The Fusarium and Acanthamoeba keratitis outbreaks of 2006 and 2007 clearly demonstrated that not all contact lens cleaning solutions are identical with regard to causing damage to the ocular surface. During this time, two commercial contact lens cleaning solutions (ReNu with MoistureLoc; Bausch & Lomb, Rochester, NY and Complete MoisturePlus; Abbott Medical Optics, Santa Ana, CA [earlier known as Advanced Medical Optics, or AMO]) were recalled due to a high incidence of Fusarium keratitis and Acanthamoeba infection, respectively, in users. Many theories were put forth as to why these particular solutions allowed for the outbreaks of these different microorganisms, including reduced antimicrobial activity due to not following the manufacturer's directions, 20,21 climatic change, 22 and a unique interaction between these solutions and the material used to make the contact lenses themselves. 21,23 Thus, the cause of the outbreaks may be multifactorial, stemming from user negligence and unique components of the contact lens cleaning solutions and their cases. However, extended contact lens wear is also known to enhance microbial adherence to the corneal epithelium 24,25 and 14% of Fusarium keratitis sufferers did not use the recalled solution, indicating that there may be other causes for increased infectivity. 
We make the proposition that one mechanism by which the contact lens solutions induce increased susceptibility to infection is by destroying a cellular protective component: the membrane-bound mucins. Although this may have been only a contributing factor in the outbreaks, this mechanism of action has not been investigated and commonly used contact lens solutions still on the market may still cause increased susceptibility to corneal infection by inducing loss of membrane-associated mucins, resulting in a higher microbial infection rate. This study was performed to determine whether various commonly used contact lens solutions differentially affect the integrity of the ocular surface. Specifically, we hypothesize that those solutions that cause more damage to the surface mucin expression will also cause corneal epithelial cells to become more susceptible to microbial infection.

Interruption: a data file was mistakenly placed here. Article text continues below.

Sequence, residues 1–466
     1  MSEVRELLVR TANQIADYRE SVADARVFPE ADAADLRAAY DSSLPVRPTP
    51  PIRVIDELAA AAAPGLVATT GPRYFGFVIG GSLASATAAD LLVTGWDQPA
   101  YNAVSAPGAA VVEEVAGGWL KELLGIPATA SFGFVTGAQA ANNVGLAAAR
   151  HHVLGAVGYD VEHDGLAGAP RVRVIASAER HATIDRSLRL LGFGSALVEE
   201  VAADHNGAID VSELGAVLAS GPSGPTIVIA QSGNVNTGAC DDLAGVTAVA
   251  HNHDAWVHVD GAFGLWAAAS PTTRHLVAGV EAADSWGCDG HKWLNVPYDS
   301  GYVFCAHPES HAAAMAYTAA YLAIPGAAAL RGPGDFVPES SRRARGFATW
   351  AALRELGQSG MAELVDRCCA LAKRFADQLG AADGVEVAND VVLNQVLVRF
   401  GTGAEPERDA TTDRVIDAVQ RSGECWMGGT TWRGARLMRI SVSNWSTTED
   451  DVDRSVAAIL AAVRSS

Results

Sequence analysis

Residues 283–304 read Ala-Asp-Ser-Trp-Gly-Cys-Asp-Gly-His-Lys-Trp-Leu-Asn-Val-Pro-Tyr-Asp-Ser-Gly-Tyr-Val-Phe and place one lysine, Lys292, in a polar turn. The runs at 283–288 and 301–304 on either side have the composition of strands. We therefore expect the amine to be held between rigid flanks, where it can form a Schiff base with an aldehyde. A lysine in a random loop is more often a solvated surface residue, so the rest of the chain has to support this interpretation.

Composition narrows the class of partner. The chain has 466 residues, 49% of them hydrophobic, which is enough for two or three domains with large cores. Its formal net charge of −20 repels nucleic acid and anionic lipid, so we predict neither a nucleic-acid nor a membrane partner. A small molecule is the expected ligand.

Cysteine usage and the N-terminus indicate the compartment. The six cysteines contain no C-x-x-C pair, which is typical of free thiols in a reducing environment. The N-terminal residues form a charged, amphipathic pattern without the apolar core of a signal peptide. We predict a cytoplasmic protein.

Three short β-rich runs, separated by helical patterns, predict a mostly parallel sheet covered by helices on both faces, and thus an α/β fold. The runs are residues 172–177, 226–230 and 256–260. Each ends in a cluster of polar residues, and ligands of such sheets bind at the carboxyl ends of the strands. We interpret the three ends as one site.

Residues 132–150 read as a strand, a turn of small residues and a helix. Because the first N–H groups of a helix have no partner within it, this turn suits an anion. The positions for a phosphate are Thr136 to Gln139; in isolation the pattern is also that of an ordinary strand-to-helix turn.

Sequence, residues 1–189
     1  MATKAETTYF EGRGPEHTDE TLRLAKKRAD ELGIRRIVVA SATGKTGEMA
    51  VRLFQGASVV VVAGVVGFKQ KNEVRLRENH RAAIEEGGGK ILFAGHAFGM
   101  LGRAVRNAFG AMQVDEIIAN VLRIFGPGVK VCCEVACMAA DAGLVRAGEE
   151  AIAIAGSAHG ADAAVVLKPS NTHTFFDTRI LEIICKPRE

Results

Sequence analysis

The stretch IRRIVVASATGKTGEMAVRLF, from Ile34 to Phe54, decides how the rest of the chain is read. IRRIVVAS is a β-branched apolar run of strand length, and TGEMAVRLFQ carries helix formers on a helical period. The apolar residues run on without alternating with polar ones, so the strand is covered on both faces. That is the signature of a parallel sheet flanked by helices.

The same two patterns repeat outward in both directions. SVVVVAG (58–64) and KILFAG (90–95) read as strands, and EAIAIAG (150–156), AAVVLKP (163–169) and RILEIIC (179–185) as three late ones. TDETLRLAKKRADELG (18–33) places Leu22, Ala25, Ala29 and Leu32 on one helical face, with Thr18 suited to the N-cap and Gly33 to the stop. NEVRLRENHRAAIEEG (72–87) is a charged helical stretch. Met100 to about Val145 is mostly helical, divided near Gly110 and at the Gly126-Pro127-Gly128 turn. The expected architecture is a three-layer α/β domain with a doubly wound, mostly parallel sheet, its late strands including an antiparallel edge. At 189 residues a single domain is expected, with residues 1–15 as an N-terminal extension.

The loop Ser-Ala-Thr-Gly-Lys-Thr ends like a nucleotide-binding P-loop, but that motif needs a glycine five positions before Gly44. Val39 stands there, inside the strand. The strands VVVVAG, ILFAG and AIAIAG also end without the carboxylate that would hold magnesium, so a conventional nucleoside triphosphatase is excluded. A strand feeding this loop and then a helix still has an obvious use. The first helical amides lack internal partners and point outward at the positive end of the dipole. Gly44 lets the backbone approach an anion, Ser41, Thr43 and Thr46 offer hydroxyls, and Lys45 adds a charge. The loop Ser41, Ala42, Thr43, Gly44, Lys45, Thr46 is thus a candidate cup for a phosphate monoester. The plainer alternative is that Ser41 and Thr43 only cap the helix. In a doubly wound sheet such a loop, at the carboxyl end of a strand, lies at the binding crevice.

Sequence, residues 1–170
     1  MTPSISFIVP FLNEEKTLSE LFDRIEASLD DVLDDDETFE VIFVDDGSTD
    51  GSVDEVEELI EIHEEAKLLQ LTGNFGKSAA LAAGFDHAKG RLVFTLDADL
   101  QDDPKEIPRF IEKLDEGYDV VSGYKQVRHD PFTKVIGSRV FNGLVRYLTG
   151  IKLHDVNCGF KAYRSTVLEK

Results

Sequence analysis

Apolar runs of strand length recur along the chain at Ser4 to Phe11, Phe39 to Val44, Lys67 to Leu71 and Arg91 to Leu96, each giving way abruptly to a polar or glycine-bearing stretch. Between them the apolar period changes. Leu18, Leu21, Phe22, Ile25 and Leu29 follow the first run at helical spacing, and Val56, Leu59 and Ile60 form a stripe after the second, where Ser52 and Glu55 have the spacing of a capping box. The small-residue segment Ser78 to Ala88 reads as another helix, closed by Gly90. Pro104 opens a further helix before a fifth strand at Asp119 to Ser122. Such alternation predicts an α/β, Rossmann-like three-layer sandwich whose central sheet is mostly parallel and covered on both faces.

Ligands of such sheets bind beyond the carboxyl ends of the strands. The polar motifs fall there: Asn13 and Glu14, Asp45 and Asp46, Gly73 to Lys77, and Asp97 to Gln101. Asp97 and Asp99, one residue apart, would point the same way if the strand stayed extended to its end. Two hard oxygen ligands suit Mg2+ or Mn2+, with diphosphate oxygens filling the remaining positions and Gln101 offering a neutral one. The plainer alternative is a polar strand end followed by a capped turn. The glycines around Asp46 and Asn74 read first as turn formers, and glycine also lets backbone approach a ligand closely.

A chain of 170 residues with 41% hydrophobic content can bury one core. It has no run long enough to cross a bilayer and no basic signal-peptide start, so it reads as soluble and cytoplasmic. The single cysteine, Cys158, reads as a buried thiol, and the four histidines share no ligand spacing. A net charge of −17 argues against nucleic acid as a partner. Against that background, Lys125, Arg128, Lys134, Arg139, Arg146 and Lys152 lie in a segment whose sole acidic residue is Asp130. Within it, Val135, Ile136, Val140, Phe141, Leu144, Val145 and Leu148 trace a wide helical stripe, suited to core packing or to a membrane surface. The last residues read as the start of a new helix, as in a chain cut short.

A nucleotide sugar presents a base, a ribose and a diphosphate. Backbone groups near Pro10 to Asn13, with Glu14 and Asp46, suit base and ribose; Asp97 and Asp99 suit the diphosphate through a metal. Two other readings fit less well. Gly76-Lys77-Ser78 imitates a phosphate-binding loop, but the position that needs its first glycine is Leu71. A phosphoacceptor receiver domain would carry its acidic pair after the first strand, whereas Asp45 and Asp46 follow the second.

Coincidentally, a similar hypothesis had been independently devised by another laboratory led by Dr. Imayasu. Both data sets on the effects of MPCLSs on corneal mucins were initially presented as posters at the 2010 ARVO annual meeting. Imayasu et al. 19 first found in 2009 that MPCLSs containing boric acid were more prone to inducing infection in cultured cells. Then, in 2010, Imayasu and colleagues 19 correlated these boric acid–containing MPLCSs with inducing a reduction in mucin expression in a transformed corneal epithelial cell line. Although these works were similar in scope, the methods and, more significantly, the results of these works were very different. The fact that the methods and results were different reflects that these studies were complementary to our present work. 
Materials and Methods
Cell Cultures
Human corneal limbal epithelial (HCLE) cell lines were a generous gift provided by Dr. Ilene Gipson of Harvard Medical School. HCLE cultures were grown as previously described. 26  
Rose Bengal Staining
The rose bengal solution (Aldrich Chemical Co., Milwaukee, WI) was prepared by dissolving concentrated stock in PBS (calcium and magnesium free, pH 7.4) to a concentration of 0.1%. Rose bengal staining of HCLE cultures was conducted using a modification of the protocol described by Argüeso et al. 27 After growing the cells in stratification media for 7 days in a six-well plate, the media was aspirated and replaced with one of the following: no treatment (stratification media added after aspiration), commercial multipurpose contact lens solutions (AMO Complete Multi-Purpose; ReNu; Bausch & Lomb), and commercial replenishing solutions (Alcon Opti-Free Express and Alcon Opti-Free RepleniSH). After 1 hour of exposure to the conditions cited earlier, the medium was aspirated and saved for future experimentation, and the cells were rinsed three times with PBS. After these washes, the cells were incubated with rose bengal solution at room temperature for 5 minutes. After 5 minutes, the excess rose bengal solution was aspirated and the cells were photographed using an inverted microscope (IMT-2 Inverted Research Microscope; Olympus; Tokyo, Japan). Photographs were taken digitally at ×4 magnification, with each well being photographed in five randomly selected nonoverlapping areas (SPOT RT Slider; Diagnostic Instruments, Inc., Sterling Heights, MI). The area of stratified cells that excluded the rose bengal stain was quantified using ImageJ analysis software (developed by Wayne Rasband, National Institutes of Health, Bethesda, MD; available at http://rsb.info.nih.gov/ij/index.html) and a generously provided protocol from Dr. Pablo Argüeso.